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BMJ Open. 2012 Nov 27;2(6). pii: e000413. doi: 10.1136/bmjopen-2011-000413. Print 2012.

Health-related quality of life after serious occupational injury in Egyptian workers: a cross-sectional study.

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  • 1Community, Environmental and Occupational Medicine Department, Ain Shams University, Cairo, Egypt.

Abstract

OBJECTIVES:

Occupational injuries can have severe socioeconomic consequences; however, little research has examined the health-related quality of life (HRQoL) of workers following occupational injuries, especially in developing countries. This study was to employ the European Quality of Life Five Dimensions (EQ-5D) tool to measure HRQoL 6 months following serious occupational injury sustained by insured workers in the East Delta Region of Egypt.

DESIGN:

This cross-sectional study was conducted from July to December 2008 among workers injured severely enough to be off work for at least 6 months after an occupational injury.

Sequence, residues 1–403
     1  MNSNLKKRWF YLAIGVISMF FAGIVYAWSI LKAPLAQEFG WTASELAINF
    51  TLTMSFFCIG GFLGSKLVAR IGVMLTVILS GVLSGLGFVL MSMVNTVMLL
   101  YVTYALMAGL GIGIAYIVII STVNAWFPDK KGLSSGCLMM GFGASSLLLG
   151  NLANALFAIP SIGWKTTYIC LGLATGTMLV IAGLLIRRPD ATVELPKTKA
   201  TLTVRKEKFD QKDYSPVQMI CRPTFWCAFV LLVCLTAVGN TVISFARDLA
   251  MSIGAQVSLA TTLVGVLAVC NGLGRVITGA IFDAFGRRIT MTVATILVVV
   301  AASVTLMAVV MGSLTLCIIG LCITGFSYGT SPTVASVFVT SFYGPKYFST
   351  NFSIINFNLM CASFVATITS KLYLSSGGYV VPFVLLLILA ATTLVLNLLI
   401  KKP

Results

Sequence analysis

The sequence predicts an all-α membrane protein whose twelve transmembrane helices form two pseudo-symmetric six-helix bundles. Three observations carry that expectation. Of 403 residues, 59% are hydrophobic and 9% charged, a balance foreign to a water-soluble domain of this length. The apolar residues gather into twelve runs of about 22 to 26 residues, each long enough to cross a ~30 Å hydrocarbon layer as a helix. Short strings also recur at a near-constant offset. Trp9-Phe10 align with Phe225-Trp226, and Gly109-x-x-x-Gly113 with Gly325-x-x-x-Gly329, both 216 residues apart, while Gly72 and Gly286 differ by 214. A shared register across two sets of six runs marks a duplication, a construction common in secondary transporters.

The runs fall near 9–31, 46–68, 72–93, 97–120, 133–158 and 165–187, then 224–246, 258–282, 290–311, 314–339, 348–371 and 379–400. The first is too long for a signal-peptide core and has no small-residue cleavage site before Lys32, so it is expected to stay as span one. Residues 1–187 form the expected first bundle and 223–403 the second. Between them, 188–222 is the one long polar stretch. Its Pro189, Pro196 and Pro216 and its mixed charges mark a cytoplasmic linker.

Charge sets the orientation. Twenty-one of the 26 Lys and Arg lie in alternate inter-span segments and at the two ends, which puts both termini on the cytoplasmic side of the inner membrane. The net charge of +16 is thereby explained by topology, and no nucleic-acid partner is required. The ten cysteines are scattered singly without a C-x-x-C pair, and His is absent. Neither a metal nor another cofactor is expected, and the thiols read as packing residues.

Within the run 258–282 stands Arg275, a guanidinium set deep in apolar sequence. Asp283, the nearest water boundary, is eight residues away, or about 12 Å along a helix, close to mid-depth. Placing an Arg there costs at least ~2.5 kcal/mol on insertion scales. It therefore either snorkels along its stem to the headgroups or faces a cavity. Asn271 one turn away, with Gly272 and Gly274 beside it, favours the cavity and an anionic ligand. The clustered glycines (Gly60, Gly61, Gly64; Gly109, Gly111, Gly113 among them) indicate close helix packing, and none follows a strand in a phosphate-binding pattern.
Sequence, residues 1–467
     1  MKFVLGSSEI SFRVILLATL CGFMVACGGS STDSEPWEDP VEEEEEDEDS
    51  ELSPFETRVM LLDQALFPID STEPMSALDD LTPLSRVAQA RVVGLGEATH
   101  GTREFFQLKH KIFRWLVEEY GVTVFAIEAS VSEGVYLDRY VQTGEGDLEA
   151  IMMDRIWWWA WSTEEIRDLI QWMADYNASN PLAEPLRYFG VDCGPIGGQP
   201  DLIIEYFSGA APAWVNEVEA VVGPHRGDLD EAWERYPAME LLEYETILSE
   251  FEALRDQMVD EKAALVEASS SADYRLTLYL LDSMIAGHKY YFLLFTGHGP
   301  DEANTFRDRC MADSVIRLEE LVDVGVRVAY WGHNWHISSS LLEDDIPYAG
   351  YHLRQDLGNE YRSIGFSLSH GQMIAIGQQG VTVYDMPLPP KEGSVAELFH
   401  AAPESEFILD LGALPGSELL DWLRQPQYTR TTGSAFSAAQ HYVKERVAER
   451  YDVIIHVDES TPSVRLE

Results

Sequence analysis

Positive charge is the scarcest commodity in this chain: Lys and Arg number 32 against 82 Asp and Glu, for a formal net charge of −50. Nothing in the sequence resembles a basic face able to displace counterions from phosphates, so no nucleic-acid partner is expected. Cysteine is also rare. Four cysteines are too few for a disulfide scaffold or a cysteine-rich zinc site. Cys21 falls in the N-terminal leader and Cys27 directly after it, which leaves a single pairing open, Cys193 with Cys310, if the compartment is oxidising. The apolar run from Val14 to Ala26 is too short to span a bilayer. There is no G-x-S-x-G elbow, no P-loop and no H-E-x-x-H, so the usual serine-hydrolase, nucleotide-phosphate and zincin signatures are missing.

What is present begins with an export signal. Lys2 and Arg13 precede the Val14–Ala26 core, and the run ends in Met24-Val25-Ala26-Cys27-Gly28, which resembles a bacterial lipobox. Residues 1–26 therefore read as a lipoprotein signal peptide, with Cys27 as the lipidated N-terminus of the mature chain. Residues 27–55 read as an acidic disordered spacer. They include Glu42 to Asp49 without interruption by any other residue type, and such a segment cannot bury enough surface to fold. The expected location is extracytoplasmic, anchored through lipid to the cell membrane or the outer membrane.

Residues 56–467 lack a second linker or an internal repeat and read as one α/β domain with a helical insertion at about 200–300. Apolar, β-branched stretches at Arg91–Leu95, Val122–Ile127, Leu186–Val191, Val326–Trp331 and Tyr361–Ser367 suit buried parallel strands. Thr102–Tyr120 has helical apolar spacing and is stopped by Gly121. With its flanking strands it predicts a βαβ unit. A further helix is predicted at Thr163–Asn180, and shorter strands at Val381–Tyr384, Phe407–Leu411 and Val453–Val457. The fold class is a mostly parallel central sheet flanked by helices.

SETTING:

The Nile Insurance Hospital in Qalyubia, Egypt.

PARTICIPANTS:

Adult workers returning for follow-up evaluation after being given 6 months off work by a physician for an occupational injury.

OUTCOMES:

The workers described their health and quality of life using the EQ-5D instrument.

RESULTS:

Most study participants were male (n=118 (90%)), with mean age of 41.5 years. Fractures were the most common type of injury (n=96 (73%)), mostly involving the lower limbs (n=70 (53%)). Participants identified persistent problems related to mobility (n=78 (60%)), self-care (n=69 (53%)), performing usual activities (n=109 (83%)), pain/discomfort (n=119 (91%)) and anxiety/depression (n=51 (40%)). The perceived HRQoL estimated by the mean (±SD) visual analogue scale (VAS) score among injured workers was 61.6±17.9. Multivariate linear regression showed an association between poor VAS score and amputations, mobility limitation, self-care problems, pain/discomfort and anxiety/depression.

CONCLUSIONS:

Some people with occupational injuries experience significant problems such as pain/discomfort, functional limitations and anxiety/depression, long after the injury. Improvement in pain management strategies and physical and psychological rehabilitation may improve their health-related quality of life.

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